EPA to Finalize Phase II Cooling Water Intake Structure Rule for Existing Facilities by April 17, 2014

The EPA will finalize the cooling water intake rule for existing facilities pursuant to Section 316(b) of the Clean Water Act by April 17, 2014.  The proposed rule will cover approximately 1,260 existing facilities, primarily impacting older facilities that use once-through cooling systems.  Newer facilities employing closed-cycle cooling will not be affected by this rule.

Section 316(b) of the CWA requires that National Pollutant Discharge Elimination System (NPDES) permits for facilities with cooling water intake structures ensure that the location, design, construction, and capacity of the structures reflect the best technology available to minimize harmful environmental impacts.  In November 2010, the EPA signed a Settlement Agreement with Riverkeeper, Inc. agreeing propose rules setting technology standards for existing facilities by March 14, 2011 and take final action by July 27, 2012.  In March 2011, the EPA published a proposed rule.  After numerous extensions, the parties agreed on February 10, 2014 to extend the date for the final rule to April 17, 2014.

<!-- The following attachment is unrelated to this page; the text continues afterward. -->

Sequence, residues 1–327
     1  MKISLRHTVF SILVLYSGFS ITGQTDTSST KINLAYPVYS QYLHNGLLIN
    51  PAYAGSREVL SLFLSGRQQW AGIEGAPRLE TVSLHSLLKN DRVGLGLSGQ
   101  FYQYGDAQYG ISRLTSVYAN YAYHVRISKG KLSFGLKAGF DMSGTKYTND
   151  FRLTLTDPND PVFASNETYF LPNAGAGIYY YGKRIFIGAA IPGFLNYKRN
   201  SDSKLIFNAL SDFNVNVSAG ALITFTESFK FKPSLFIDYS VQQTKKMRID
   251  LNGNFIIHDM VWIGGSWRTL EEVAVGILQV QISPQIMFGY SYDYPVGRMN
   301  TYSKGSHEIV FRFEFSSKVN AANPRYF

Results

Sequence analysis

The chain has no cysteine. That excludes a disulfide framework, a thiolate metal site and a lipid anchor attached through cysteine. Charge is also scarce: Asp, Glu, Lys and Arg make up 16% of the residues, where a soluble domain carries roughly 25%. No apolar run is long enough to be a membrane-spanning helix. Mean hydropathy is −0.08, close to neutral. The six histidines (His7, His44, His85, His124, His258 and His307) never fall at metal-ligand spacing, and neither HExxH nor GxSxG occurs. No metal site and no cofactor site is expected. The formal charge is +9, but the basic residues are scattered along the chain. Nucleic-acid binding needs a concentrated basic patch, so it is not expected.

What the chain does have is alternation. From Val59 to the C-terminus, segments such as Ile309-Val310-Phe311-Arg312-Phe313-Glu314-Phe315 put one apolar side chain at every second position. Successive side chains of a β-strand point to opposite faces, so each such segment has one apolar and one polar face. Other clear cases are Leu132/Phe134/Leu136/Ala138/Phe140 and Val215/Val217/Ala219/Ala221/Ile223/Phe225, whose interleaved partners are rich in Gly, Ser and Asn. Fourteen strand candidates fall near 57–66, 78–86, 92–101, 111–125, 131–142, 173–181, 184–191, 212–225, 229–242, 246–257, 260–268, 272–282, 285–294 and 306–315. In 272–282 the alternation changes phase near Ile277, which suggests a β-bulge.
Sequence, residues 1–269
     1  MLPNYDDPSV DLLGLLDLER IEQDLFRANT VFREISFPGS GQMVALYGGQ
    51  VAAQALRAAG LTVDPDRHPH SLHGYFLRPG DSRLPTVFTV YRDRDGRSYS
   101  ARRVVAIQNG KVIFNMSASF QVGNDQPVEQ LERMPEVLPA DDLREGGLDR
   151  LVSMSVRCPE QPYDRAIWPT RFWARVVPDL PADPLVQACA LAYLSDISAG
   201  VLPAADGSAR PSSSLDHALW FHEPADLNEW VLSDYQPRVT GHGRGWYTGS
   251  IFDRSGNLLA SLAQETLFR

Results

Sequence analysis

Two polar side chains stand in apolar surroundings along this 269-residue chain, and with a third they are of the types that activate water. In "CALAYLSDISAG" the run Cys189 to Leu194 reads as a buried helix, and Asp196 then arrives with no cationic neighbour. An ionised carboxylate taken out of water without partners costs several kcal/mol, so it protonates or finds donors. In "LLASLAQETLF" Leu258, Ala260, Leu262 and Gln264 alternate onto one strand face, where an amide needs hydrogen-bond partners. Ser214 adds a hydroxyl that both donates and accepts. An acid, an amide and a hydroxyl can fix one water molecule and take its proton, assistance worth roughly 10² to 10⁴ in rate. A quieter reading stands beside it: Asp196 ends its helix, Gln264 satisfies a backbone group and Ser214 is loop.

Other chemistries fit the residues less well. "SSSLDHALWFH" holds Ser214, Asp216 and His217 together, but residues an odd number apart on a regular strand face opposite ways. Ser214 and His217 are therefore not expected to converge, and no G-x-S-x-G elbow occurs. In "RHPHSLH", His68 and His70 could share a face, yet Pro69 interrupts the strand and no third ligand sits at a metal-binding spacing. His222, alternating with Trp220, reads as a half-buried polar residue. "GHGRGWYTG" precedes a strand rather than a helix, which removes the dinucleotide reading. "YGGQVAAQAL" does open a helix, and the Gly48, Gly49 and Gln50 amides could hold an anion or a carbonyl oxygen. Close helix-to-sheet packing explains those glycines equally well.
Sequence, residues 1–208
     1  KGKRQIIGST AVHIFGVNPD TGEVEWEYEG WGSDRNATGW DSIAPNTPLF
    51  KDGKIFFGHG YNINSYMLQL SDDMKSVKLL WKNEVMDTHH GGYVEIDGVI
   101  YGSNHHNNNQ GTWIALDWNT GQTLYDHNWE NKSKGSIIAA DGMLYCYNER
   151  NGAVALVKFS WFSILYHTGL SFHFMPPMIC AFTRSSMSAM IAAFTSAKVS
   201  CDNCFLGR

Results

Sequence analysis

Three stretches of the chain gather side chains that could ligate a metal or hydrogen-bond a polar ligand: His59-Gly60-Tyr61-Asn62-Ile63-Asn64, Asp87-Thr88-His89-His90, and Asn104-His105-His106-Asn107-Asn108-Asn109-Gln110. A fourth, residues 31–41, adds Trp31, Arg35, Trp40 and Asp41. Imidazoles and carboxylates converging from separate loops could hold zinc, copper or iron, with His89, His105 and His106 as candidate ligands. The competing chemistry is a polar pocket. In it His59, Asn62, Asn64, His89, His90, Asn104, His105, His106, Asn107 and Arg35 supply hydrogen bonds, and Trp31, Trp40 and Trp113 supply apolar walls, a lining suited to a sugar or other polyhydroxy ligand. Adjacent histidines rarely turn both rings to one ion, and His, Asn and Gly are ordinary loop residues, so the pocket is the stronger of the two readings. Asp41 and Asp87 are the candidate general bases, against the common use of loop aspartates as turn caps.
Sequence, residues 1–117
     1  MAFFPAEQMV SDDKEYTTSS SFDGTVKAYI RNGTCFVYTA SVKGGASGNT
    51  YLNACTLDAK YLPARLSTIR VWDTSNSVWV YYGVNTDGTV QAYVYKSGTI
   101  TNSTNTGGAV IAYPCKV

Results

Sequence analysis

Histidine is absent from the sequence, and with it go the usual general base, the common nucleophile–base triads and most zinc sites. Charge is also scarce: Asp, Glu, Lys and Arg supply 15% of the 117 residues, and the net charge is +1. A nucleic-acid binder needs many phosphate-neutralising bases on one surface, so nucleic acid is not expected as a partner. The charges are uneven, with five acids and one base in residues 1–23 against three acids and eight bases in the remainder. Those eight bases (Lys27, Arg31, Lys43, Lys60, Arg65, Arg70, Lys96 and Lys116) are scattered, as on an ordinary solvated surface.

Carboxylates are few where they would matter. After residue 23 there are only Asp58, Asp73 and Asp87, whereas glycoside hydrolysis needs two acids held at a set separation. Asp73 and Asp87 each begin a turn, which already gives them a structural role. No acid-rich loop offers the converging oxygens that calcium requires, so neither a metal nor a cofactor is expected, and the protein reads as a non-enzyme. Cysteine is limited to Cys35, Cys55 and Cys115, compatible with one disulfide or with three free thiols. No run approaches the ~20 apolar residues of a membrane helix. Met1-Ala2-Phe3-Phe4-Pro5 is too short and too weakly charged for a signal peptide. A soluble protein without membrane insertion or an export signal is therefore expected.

The proposed rule would apply to existing facilities that (1) withdraw at least 25% of their water from an adjacent water body exclusively for cooling purposes; and (2) withdraw at least 2 million gallons per day of cooling water.  The proposed rule is designed to minimize harm to aquatic organisms through impingement and entrainment.  The rule sets an upper limit on impingement mortality which facilities can meet by using fish screen technology or by reducing intake velocity.  The rule does not set a nationwide limit on entrainment, but instead relies on a state permitting agencies to establish controls on a site-specific basis.

Laura Patterson Hoffman focuses her practice in the areas of environmental and regulatory law, energy, tort and business litigation. Hoffman regularly assists energy producers with compliance issues and litigation relating to the Clean Water Act and other environmental permitting issues. She has practiced in federal and state courts and before the Kentucky Office of Administrative Hearings. Hoffman has also engaged in extended negotiations with the Kentucky Cabinet for Energy and Environmental Protection and various environmentalist groups. She also has experience in groundwater contamination litigation and contractual disputes.
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